To get the perfect final cooked size of In-N-Out’s patties you must start with circles that are 4 inches across.
Press the ground beef onto wax paper, then place another piece of wax paper on top until you are ready to cook ’em.
When you bite into a fresh hamburger from In-N-Out, you will experience what I call “The Crunch.” It comes from very well-done toasted bun faces that are practically cracker-crisp by the time they get pulled off the grill.
“The Crunch” is not a sensation that you will get from other chains where the hamburgers are wrapped tightly and stacked under a heat lamp. The trapped moisture in those burgers quickly steams away any pleasant crispiness from the bun. To prevent that, an In-N-Out burger is never fully enclosed in its wrapper.
“The Crunch” is easy to replicate by placing the faces of ungreased buns down onto a pre-heated pan over medium/low to medium heat. Check the buns periodically to see how they’re doing. You want them to be at least as dark as the photo above, and a little darker is even better.
Achieving “The Crunch” will take longer than the 4 minutes it takes to cook the burgers, so start with the buns a few minutes before cooking your beef patties.
And use the freshest, highest quality buns you can find.
Pre-heat another pan over medium/low to medium heat. Since every stove heats differently it’s difficult to specify exactly where your knob should be set for this step. You’ll have to figure that out for yourself after inspecting the first cooked patty.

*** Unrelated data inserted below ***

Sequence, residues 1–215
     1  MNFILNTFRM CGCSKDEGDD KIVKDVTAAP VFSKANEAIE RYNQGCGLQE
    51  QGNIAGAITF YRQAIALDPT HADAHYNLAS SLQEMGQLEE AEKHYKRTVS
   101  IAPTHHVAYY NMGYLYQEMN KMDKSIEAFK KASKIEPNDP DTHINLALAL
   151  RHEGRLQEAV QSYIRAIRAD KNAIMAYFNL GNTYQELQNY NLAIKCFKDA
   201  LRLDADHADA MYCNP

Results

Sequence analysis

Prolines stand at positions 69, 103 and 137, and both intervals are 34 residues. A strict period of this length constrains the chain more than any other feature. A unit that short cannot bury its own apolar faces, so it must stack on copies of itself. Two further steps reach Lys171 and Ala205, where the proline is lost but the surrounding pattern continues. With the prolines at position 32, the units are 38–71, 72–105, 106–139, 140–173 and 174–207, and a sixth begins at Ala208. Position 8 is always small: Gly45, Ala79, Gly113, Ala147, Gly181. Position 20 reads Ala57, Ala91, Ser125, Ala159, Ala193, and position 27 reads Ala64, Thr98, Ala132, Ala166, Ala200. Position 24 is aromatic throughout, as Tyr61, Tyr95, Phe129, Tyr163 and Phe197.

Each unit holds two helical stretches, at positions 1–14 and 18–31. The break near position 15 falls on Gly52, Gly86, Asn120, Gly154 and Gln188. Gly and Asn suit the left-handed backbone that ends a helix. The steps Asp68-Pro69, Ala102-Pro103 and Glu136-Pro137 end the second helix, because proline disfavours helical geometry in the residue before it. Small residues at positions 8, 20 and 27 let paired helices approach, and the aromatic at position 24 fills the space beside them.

If the beef has a nice dark brown crust on it when flipped after cooking for exactly 2 minutes, then your temperature is just right. Keep it there. If not, then adjust accordingly so that your patties are perfectly browned after 2 minutes.
Also, In-N-Out burgers are quite salty. Add a generous shaking of salt and just a pinch of coarse black pepper to both sides of each patty as they cook.
I’m stoked to have discovered this particular insider secret, because it cleared up a misconception I’ve had about these burgers for over 25 years.
At first glance of promotional photographs of the Double-Double, it’s easy to assume that there are 2 slices of American cheese on top of each beef patty, since the front-facing edge of the cheese is double-thick. That’s why I incorrectly called for 4 slices of cheese in my original hack of this recipe for my first book, Top Secret Recipes. That always felt wrong—4 slices is excessive and it’s not called a Double-Quadruple—but the visual of the folded cheese threw me and I made the wrong call.
This confusion was recently cleared up when I discovered that the chain teaches its workers to “make the burgers smile” by folding the cheese over itself a little bit at the front. Approximately one-quarter of the cheese is folded and then placed, folded-side-down, onto the beef patty. But rather than placing the cheese in the middle of the patty, it’s positioned so that the edge of the burger patty is exposed, making it “smile.” It’s like how you show your teeth when you smile, but in this case the beef is the teeth.
When fully assembled this exposed edge of the beef patty makes the finished burger look more appealing, and the first few bites are extra cheesy.
When you add the folded cheese slices to your patties once you flip them (add salt and pepper first), be sure to leave about 1/2 inch of the patty uncovered.
And for God’s sake, don’t use the individually wrapped cheese food slices, like Kraft Singles. That is not real cheese and it will ruin your otherwise perfect burger.
Get real American cheese and erase Kraft Singles from your shopping list forever.
Once you place the cheese add a slice of onion on top of one patty and a well-toasted bun on top of the other.
While these patties cook for 2 minutes, you’ll need to build the bottom of your masterpiece.
It goes like this…
Spread about 1 1/2 tablespoons of spread on the crispy bottom bun
Add a slice from a perfectly ripe tomato that is about the same diameter as the bun.